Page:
I take for granted the tag on most of my belongings will read Made in China. Regardless of your personal locavore predilections, the reality is that most of what we purchase is made overseas, and the overseas in question is predominantly China.
You can understand something in theory, but it’s oftentimes made much more clear when put into practice. It has now become suddenly and painfully clear to me how FAR those goods have really travelled. Having now done the journey myself, I can attest that by the time I arrived in China, I was less than freshly pressed…and I didn’t even come over crammed in a shipping container.
In fact, while I imagined China Eastern Airlines to be the flying equivalent of a rusty metal tube, in reality the almost-new plane and the flight were both pretty good… including the spaghetti Bolognese and red wine with dinner, and the in-flight entertainment selection which, much to my relief, included more than just kung fu movies and weird game shows. So that’s saying something.
But even through these distractions, it is painfully obvious that…
China is far. Really far.
Seventeen hours on a plane with a total of 24 hours in transit gives me a long, long time to muse about the lost days of elegant air travel….and to get serious about collecting enough air points to start regularly flying business class…
After 24 hours in transit, the bus ride through Beijing is foggy…both mentally and because of the pollution. The hotel is 6-star and very elegant, and I slip into bed, hungry for vertical sleep after countless hours of upright plane napping…only to find the bed is just slightly more cushy than a wooden pallet. According to Chinese medicine, a hard bed is best for the back. I drift to sleep assured my back will be in the best shape of my life by the time I leave China.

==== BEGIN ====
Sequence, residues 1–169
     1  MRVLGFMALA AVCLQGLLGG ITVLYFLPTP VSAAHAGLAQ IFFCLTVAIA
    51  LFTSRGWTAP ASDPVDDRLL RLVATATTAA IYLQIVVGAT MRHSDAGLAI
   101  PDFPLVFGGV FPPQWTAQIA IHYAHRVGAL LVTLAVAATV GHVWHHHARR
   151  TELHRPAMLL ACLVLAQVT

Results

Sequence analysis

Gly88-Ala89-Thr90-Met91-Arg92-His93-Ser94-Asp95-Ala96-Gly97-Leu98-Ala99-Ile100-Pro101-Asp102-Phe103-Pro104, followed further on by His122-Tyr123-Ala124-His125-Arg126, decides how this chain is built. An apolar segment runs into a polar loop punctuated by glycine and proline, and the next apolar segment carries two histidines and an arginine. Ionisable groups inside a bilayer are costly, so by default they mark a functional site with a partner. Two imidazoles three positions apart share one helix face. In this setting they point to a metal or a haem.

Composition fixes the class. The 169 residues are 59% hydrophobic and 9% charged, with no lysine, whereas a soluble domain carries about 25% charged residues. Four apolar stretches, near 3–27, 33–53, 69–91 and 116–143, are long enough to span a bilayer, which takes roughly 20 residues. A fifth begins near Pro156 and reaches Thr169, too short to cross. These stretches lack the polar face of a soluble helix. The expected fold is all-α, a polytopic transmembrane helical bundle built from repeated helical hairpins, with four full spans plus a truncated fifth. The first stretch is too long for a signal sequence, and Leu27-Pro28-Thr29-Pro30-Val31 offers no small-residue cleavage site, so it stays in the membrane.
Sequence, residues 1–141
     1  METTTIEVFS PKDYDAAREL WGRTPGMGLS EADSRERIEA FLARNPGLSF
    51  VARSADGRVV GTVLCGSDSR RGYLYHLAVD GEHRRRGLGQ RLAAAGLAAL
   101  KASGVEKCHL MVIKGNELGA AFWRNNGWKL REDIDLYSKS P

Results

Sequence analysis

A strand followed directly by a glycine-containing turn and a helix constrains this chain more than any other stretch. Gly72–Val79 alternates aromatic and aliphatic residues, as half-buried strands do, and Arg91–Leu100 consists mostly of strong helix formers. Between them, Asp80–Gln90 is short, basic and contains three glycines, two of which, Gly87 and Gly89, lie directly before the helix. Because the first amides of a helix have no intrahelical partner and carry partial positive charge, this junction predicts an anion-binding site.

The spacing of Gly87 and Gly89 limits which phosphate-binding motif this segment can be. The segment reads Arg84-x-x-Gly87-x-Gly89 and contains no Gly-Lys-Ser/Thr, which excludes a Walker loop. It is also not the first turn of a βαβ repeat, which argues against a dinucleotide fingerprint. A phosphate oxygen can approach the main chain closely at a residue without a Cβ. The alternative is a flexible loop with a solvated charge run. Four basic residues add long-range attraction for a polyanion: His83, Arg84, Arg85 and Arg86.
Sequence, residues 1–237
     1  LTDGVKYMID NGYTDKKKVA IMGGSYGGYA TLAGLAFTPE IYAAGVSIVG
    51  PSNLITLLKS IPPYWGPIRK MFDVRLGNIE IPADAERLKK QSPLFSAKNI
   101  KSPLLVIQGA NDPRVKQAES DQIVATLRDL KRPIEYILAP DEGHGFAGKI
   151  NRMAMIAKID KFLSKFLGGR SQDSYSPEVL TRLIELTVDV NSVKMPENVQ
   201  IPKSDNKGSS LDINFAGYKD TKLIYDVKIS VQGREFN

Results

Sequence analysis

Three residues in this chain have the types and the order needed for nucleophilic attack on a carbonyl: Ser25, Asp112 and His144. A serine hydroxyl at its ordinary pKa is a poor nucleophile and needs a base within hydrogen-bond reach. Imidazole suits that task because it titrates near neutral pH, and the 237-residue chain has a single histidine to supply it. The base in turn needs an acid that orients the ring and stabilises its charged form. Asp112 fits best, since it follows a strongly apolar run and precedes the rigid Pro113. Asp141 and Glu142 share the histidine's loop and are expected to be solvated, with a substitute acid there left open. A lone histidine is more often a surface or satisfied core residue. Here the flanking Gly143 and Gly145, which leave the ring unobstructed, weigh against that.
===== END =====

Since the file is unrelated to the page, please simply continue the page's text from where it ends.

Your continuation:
Saturday, October 24, 2014
It is rarely sunny in Beijing. I carry my sunglasses with me in the vain hope they will be useful against anything except air pollution. They are not.
We follow our local guide Jerry on to the bus that will ferry us around Beijing. Jerry, like Tom and Jerry, he says. Not sure what his Chinese name is. Jerry, I will soon come to learn, is more interested in whining about his love life than pointing out the sights we drive slowly by in the endless Beijing traffic jam. Due to the one child policy (which was repealed several days into my trip), there are more males in Jerry’s age group than females. I presume this limited supply of women tilts the choice in the girl’s favour and fellas like Jerry have to step up their courtship game. Sadly, I fail to see what Jerry brings to the proverbial marriage table. In fact, we as a group decide Jerry is in no way marriage material…unless the young woman in question is looking for a somewhat whiny, cheap, mama’s boy. Poor over-indulged, Little Emperor Jerry…he doesn’t know it yet, but there will be no little Jerrys for his mother to dote upon.
Jerry will be with us for the next three days, and we will quickly learn that his indoctrination has been complete. He actually says at one point that the Chinese are very lucky because whenever anything bad happens – floods, earthquakes, major disasters – the people do not have to worry in any way as the government will take care of it. There is only happy news on the TV and in the paper, extolling the great triumph of the government. No wonder Facebook is banned…no chance of an Arab Spring-like revolution fostered by social media here.